Australia is mourning one of its greatest sportsmen John Landy, who has died at the age of 91 after a life full of achievement both on and off the athletics track.
The middle distance legend, the second man to break the four-minute mile barrier, passed away at his home in Castlemaine, Victoria, on Thursday surrounded by his family after a long battle with Parkinson’s .
Landy, a figure of huge integrity and class, was responsible for the finest and most selfless Australian sporting moment of the 20th century – even if it didn’t sit easily with him.
Australian Olympian and running legend, John Landy (left), has died at 91 after a life full of achievement both on and off the athletics track
By his own admission, he would have preferred to be remembered as simply a good runner.
Or for becoming the 26th Governor of Victoria, an office he discharged with the same dignity and good sense that characterised his life.
Or for his work on the Australian Sports Commission. Or his writings on nature.
Or perhaps even for creating one of his country’s finest butterfly collections.
For John Michael Landy may have been one of the greatest middle-distance runners of his era, but he was much more – a capable scientist, an author, a humanitarian, a husband and a father.
In 1954 Landy (above) became the second man ever to break the four-minute mile barrier and broke the previous world record, running 3:57.90
But it was for his athletic prowess, a talent developed as a boy chasing butterflies through paddocks around Melbourne, that Landy first came to prominence.
He initially took up competitive running to help him get fit for football, only becoming serious about it after making the Victorian athletics team in 1951.
Within 12 months he was on the Australian team for the Helsinki Olympics, and a couple of years later became deeply engaged in a battle with Englishman Roger Bannister to become the first man to achieve a feat thought to be beyond human capability – to run a mile in under four minutes.
As Landy and Bannister rolled on toward the magical mark, their ambition became one of the most eagerly anticipated events in the history of sport.
Ultimately, Bannister won that ‘race’, stopping the clock in a state of near-collapse at 3 minutes 59.4 seconds at Oxford on May 6, 1954.
Less than two months later in Finland, Landy, who had threatened the mark several times that year, breezed past Bannister’s world record, running 3:57.90.
Those two, sub-four-minute runs preceded the 1954 Empire Games in Vancouver where Landy and Bannister, the world’s two fastest milers, met face-to-face in a showdown billed as the Race of the Century
Landy was the second man to break the four-minute mile barrier, 26th Governor of Victoria, owner of one of his country’s finest butterfly collections, and the Queen’s man in Victoria in 2001
The Englishman won, outrunning and outfoxing Landy who, at a vital stage, looked for him over his left shoulder as Bannister made his move on the right.
Bannister retired from running in 1955 to concentrate on what became a celebrated career as a neurologist, later writing about Landy in Sports Illustrated, describing the Australian as ‘an athlete faster, neater and more generous than any other.’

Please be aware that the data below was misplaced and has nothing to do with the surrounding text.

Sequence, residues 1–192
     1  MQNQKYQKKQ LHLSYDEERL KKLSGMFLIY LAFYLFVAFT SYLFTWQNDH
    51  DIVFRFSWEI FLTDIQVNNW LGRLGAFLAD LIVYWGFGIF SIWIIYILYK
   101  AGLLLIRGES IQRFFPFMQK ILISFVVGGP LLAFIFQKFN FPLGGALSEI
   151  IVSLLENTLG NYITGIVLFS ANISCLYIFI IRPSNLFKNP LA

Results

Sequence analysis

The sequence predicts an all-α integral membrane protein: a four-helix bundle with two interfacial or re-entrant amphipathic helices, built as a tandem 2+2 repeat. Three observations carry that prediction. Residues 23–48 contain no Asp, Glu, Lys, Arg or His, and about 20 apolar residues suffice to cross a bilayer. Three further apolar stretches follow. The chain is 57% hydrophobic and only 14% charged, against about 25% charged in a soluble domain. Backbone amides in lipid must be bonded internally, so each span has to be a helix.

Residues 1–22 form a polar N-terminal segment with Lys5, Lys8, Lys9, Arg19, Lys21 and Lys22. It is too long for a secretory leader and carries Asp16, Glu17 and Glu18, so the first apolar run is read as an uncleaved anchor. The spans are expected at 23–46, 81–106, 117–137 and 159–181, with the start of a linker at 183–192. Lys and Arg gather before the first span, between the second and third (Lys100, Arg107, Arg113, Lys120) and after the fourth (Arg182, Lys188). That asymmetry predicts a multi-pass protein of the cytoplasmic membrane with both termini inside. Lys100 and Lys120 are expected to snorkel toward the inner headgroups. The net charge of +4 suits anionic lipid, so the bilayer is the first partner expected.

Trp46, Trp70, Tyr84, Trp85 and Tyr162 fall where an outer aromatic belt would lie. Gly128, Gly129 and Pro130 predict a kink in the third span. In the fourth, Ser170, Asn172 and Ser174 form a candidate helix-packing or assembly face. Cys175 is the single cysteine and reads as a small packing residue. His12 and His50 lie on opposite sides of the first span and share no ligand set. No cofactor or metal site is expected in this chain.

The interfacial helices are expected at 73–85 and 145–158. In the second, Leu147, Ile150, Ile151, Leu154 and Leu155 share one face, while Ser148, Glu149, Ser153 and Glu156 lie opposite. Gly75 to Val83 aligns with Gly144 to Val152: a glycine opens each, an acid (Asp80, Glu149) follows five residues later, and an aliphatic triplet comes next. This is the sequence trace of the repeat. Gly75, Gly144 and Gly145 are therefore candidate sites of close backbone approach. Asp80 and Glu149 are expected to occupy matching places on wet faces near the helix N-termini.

Landy, meanwhile, pushed on to the 1956 Melbourne Olympic Games where he was the favourite to win the ‘metric mile’, the 1500m.
It was in the lead-up to those Games that Landy earned his almost mythical place in Australian sporting folklore.
Running in the Australian Mile Championship in 1956, Landy was in a winning position when fellow athlete Ron Clarke tripped and fell in front of him with about a lap and a half to go.
Landy leapt over Clarke and then turned back to help his rival to his feet, a gesture that cost him valuable seconds and around 50 metres.
Landy has left his wife of over 50 years Lynne (left) and his two children Matthew and Alison
After checking on Clarke, he got going again, circled the field and won a race that assured him a place in the Australian Olympic team.
In time, Landy came to view it less gloriously than most, describing it as ‘that silly race when I whizzed back to Ron Clarke’.
‘I reacted on the spur of the moment. I ran down his arm with my spikes when I was jumping over him. That’s why I went back.
‘A lot of people seemed to think it was the most significant thing I ever did in running.
Nevertheless, a statue depicting the incident was erected 50 years later outside Melbourne’s Olympic Park and, in 1999, the Sport Australia Hall of Fame declared Landy responsible for the nation’s Finest Sporting Moment of the Century.
Landy (above) gained a ‘mythical’ status in Australian sport 1956 when he turned around to help fallen opponent, Ron Clarke, during a race and still won; a statue depicting the moment was erected outside Melbourne’s Olympic Park
Landy duly ran at the 1956 Melbourne Games, finishing third behind the Irishman Ron Delany.
It was to be the last shot Landy would have at a major international title.
Landy went on to work in the field of agricultural science, a subject he studied at Melbourne University, and held various positions in sporting and community organisations.
In 2001 he became the Queen’s man in Victoria, serving for five years with typical generosity and openness.
The same qualities, perhaps, led Landy to donate his butterflies, some 10,000 of them, personally collected and catalogued, and estimated to be worth at least $1 million, to the Australian National Museum in 2017.
Landy leaves his wife Lynne and children Matthew and Alison.
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